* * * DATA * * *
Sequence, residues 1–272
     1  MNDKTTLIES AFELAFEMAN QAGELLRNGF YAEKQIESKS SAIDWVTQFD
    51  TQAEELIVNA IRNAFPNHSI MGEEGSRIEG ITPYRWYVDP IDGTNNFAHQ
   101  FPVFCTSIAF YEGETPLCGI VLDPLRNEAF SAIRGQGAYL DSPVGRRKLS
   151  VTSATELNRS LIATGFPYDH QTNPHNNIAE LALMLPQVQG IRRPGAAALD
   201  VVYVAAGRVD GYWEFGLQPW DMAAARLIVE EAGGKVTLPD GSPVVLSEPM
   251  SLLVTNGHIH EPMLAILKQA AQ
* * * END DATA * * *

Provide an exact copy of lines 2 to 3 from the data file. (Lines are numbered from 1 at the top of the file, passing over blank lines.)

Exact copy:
     1  MNDKTTLIES AFELAFEMAN QAGELLRNGF YAEKQIESKS SAIDWVTQFD
    51  TQAEELIVNA IRNAFPNHSI MGEEGSRIEG ITPYRWYVDP IDGTNNFAHQ